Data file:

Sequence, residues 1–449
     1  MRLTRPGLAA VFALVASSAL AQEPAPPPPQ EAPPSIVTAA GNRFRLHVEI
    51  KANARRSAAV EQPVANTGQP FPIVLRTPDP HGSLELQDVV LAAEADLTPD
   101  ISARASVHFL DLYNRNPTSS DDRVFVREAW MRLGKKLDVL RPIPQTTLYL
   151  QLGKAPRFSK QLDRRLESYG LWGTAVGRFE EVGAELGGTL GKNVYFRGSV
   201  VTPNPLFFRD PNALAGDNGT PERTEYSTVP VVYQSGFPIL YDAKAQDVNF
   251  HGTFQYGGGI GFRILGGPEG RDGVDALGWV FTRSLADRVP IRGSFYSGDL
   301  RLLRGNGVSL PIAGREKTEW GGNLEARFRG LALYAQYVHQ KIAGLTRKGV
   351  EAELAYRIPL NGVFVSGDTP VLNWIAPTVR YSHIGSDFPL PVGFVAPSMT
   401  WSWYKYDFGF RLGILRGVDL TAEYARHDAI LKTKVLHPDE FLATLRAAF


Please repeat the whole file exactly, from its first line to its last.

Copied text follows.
Sequence, residues 1–449
     1  MRLTRPGLAA VFALVASSAL AQEPAPPPPQ EAPPSIVTAA GNRFRLHVEI
    51  KANARRSAAV EQPVANTGQP FPIVLRTPDP HGSLELQDVV LAAEADLTPD
   101  ISARASVHFL DLYNRNPTSS DDRVFVREAW MRLGKKLDVL RPIPQTTLYL
   151  QLGKAPRFSK QLDRRLESYG LWGTAVGRFE EVGAELGGTL GKNVYFRGSV
   201  VTPNPLFFRD PNALAGDNGT PERTEYSTVP VVYQSGFPIL YDAKAQDVNF
   251  HGTFQYGGGI GFRILGGPEG RDGVDALGWV FTRSLADRVP IRGSFYSGDL
   301  RLLRGNGVSL PIAGREKTEW GGNLEARFRG LALYAQYVHQ KIAGLTRKGV
   351  EAELAYRIPL NGVFVSGDTP VLNWIAPTVR YSHIGSDFPL PVGFVAPSMT
   401  WSWYKYDFGF RLGILRGVDL TAEYARHDAI LKTKVLHPDE FLATLRAAF